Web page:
I get tired of my freedoms having to end where you liberals feel you freedoms begin. This country has been going down hill ever since people like you started trying to erase God from everything.

Jack Burton
Jack Burton
2 months ago
Reply to  Dave

Congress shall make no law respecting an establishment of religion”…. that’s from our founding document. So, based on your comment, this country has been going down hill since the founders drafted the Constitution? And which God should be “un-erased” from everything? Yahweh? Allah? Satan? Just the one you believe in? The US was not founded as a theocracy, and despite what you may here in some echo chambers has never been a Christian nation. The irony here, if one is open to hearing it, is the belief that CRT curriculum that doesn’t even exist is indoctrinating kids but showing kids in a public school setting the correct way to worship a deity is somehow not indoctrination.

Dave
Dave
2 months ago
Reply to  Jack Burton

Curious how the 1st amendment reads if you actually state all of it, not just the part you want

“Congress shall make no law respecting an establishment of religion, or prohibiting the free exercise thereof”

Dave
Dave
2 months ago
Reply to  Jack Burton

“CRT curriculum that doesn’t even exist”……..Really??? So all around the country, CRT, which is highly promoted amongst liberals and highly criticized by conservative, has been a huge talking point for over a year now, is made up?

Also, there is only one God with a capital “G”. All others are lower case “g” for a reason

Jack Burton
Jack Burton
2 months ago
Reply to  Dave

I should have been more specific. The CRT curriculum in public K-12 schools doesn’t exist…. the CRT curriculum in graduate level law, sociology, history, and political science classes at various universities does exist. Teaching kids that America has both great triumphs and embarrassing missteps is not CRT. Acknowledging that racism exists and has a real impact on our fellow citizens is not CRT. The whole CRT culture war only exists because people saw an opportunity rile up their base and get them to show up at the polls…. ALEC (or our local ALEC distribution provider, The Washington Policy Center) is great at made up controversies like this.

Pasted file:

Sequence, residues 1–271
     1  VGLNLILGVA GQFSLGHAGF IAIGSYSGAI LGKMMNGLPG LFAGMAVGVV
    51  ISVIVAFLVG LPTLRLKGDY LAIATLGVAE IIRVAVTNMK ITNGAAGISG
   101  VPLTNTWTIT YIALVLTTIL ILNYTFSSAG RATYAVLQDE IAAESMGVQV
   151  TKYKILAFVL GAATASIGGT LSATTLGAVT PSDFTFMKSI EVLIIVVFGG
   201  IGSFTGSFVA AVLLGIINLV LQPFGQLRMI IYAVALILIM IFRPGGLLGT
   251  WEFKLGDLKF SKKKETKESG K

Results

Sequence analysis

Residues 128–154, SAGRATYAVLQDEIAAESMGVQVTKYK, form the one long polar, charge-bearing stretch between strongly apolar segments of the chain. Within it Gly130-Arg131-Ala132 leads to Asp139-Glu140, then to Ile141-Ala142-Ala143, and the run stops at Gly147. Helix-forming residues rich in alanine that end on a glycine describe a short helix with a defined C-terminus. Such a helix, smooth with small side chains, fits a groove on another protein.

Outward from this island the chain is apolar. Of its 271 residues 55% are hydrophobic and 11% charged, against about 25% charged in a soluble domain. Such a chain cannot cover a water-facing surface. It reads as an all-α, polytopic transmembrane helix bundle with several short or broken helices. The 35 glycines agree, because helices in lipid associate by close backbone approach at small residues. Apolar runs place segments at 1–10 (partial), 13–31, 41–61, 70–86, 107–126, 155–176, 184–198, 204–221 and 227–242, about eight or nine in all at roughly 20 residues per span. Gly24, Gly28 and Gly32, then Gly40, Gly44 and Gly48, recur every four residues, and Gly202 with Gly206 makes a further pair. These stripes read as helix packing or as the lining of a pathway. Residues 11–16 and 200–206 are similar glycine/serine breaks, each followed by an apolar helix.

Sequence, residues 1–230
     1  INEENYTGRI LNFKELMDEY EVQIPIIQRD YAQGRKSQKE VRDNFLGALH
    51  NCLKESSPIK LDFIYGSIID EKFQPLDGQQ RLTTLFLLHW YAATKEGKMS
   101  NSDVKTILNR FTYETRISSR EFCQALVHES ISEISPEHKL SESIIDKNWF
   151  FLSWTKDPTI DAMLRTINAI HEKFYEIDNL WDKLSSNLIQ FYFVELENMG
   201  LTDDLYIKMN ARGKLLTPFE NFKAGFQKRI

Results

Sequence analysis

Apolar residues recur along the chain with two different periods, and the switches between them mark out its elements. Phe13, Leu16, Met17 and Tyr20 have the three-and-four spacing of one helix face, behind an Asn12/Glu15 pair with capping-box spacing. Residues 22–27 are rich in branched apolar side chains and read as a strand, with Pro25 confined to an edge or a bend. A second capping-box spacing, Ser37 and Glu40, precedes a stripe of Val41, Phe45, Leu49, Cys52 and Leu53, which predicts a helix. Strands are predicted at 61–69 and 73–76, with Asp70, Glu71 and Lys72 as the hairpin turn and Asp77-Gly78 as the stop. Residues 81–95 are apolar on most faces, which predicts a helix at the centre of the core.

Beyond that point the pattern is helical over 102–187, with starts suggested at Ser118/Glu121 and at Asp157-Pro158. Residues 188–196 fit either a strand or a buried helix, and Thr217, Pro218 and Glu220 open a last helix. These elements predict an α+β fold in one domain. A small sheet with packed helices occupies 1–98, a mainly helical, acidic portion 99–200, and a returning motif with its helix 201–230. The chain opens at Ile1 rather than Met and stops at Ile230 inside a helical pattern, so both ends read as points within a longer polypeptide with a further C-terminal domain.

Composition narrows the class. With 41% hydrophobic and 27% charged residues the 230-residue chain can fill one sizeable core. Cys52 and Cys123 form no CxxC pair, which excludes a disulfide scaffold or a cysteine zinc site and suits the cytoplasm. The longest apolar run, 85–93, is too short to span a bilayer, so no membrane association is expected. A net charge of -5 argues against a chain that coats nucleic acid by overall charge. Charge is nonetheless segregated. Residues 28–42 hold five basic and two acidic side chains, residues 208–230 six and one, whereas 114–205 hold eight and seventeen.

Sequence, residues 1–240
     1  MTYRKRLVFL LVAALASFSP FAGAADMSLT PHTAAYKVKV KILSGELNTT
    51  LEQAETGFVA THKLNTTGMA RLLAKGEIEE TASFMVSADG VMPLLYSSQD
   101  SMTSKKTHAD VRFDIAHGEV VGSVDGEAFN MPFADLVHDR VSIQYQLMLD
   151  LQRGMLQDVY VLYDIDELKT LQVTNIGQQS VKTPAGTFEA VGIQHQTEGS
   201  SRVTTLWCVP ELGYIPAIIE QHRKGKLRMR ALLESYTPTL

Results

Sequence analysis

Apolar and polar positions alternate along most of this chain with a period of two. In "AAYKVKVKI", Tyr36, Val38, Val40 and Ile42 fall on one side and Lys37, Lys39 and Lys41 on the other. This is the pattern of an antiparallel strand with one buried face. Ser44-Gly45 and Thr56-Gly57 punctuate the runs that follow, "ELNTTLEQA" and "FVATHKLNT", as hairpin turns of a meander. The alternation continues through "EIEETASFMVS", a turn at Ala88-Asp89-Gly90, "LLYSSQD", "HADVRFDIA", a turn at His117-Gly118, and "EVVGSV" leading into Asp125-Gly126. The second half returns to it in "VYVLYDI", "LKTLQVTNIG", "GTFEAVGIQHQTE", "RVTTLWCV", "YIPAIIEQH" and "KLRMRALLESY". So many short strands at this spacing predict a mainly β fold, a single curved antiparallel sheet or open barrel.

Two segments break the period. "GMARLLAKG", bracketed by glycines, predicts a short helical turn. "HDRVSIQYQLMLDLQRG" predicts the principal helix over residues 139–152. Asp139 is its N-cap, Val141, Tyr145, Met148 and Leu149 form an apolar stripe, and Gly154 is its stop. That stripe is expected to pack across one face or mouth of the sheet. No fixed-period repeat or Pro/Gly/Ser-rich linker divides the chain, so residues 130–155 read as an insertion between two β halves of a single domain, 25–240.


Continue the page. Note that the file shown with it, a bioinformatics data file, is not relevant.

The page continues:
I must have missed the part of the article outlining how they told him he wasn’t allowed to practice his religion, or “freely exercise” it if you will. I thought the problem was that he was praying at a public school funded by tax dollars. I personally practice a religion that requires me to howl at the full moon while naked and covered in honey. I guess I’ll see you at the next local high school football game. If you see a fat, sticky, hairy guy being arrested while howling at the moon don’t forget to explain to the cops that that I’m just exercising my 1st Amendment rights…. we want to be consistent in our defense of religion.

Only one god with a capital “G”? I’ve never seen it spelled flying spaGhetti monster before, but I’ll take your word for it.

Wolfie
Wolfie
2 months ago
Reply to  Dave

Amen Dave. I have said it before. Everytime a conservative slightly leaning article comes up, Scott has to jump in and be the negative voice. There is nothing wrong with that coach taking a personal knee after every game. If it bothers you, don’t watch. He didn’t ask anyone to join him and its a public field. Should be end of discussion.

Jack Burton
Jack Burton
2 months ago
Reply to  Wolfie

“Conservative slightly leaning article comes up”? Really? Are you under the impression that there are other types of articles here? Can you give me an example of a “liberal” article that has been printed on CCT? It’s been weeks since the New England Journal of Medicine released the results of a study on ivermectin showing that it had no impact on hospitalizations or deaths from Covid-19. Unfortunately, that’s not what their audience wants to hear so it gets ignored. Ivermectin and hydroxychloroquine are still promoted under the guise of “Clark Covid Health”, so at least there’s consistency.

This is the perfect example of our country’s polarization. Scott may disagree with you, or the author, or even CCT as a whole. Disagreeing with you doesn’t make him negative. You and I could probably spend an entire afternoon listing the things we disagree on. That doesn’t make either of us negative, nor does it make us enemies. I’m as guilty as anyone of adding fuel to the partisan fires, but at the root of the problem is the “us” versus “them” mentality.